The Dog Show December 8-11, 2011 Z Space

Save the date. We’re workin hard on our new work Wag

*we’d like to thank KUNST-STOFF ARTS for supporting us with a generous space residency. This work was also supported by Headlands Center for the Arts, Dancer’s Group New Stages for dance program, CounterPULSE, THEOFFCENTER, Thetare Bay Area’s CA$H Grant, and Zellerbach Family Foundation

Press Release

The Dog Show
Laura Arrington and Jesse Hewit/Strong Behavior
Thursday, December 8 – Sunday, December 11 at 8pm (Sunday at 7pm)at Z Space.

San Francisco, December 2011–The Dog Show is a shared evening of two premiere performance works; Wag by Laura Arrington and Freedom by Jesse Hewit/Strong Behavior.

Wag and Freedom are interrogations of domestication, love, and our constantly fluctuating ability to create our own selves. We dig through the catastrophic nature of power, invert the ways that dominant narratives about us have become formed and locked, and work to subvert the muddying fear of our deep and dynamic capabilities as animals/doers/creators/killers. We’re fighting to learn more about our roles, and simultaneously, we’re fighting to get free.

Both works are made possible through funding from the New Stages for Dance pilot award, The Zellerbach Family Foundation, Theater Bay Area’s CA$H Grants, and production support from Z Space, CounterPULSE, TheOffCenter, and Dancers’ group.

About Arrington’s Wag:
The fox has been domesticated; friendlier and with a new coat. The dog knows to wag his tail before we get in the door. Love is a competition on TV, and queers demand the right to fight in the army and get legally married. We make shows for granting institutions and write press releases for folks we don’t know. We all work in systems and systems are always working on us. Wag measures the spaces between obedience and loyalty, exploring how we create structure in society, love, and family. Influenced by the foxes new coat and the feeling of a broken heart, Wag’s process has been one of cultivating discipline and obedience, pushing past duty in an attempt to find something else, to transcend the score, and move beyond the structure.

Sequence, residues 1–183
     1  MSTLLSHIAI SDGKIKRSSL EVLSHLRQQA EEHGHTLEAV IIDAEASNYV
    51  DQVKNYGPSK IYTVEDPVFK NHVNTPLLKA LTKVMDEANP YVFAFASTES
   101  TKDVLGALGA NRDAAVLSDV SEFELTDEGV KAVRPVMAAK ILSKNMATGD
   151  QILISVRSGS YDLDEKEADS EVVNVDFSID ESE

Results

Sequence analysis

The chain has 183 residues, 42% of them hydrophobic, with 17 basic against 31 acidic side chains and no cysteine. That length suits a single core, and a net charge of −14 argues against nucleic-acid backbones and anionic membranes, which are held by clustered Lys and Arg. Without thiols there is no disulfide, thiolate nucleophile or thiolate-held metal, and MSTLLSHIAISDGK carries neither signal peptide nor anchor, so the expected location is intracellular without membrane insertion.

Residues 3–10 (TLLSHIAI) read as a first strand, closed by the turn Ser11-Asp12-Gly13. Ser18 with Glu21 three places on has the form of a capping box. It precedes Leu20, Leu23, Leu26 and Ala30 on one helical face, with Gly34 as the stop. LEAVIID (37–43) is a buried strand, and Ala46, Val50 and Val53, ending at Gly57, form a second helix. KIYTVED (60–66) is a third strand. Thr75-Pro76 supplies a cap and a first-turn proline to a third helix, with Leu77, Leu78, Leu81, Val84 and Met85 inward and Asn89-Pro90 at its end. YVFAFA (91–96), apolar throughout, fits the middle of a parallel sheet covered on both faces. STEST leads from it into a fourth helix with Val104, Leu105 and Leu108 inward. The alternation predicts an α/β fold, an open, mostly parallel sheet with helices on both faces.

Laura Arrington directs Atosa Babaoff, Rachael Dichter, Mica Sigourney, and Liz Tenuto in a new performance work with lighting by Darl Andrew Packard.
Wag imagines that the world is ending. It has always been ending. It’s just happening very slowly.

About Hewit’s Freedom:
Freedom investigates the possibility of inverting dominant narratives about media-created “monsters.” It is a visual and sonic reproach to assumptions about who is good and who is evil and why. In Freedom, we embark on the execution of large visceral actions, and reconsider why our responses to such actions come out looking like they do. Are we jealous of the manifestation of impulse? Are we antagonized by sexuality? Are we quite afraid of our own selves and what we are capable of? How do “monster” narratives keep us safe from ourselves, but also securely trapped in a political system fueled by demonization, assumed pathologies, and constant moral panics? How is it that we are and are not free?

Jesse Hewit directs and choreographs in collaboration with performers Melecio Estrella, Evan Johnson, Shawnrey Notto, and Loren Robertson, with lighting by Jerry Lee Abram, sound by Robbie Beahrs, and looks by Dia Vergados.
Freedom is a contemporary confession/act of defiance about how wild and violent and capable we really are.

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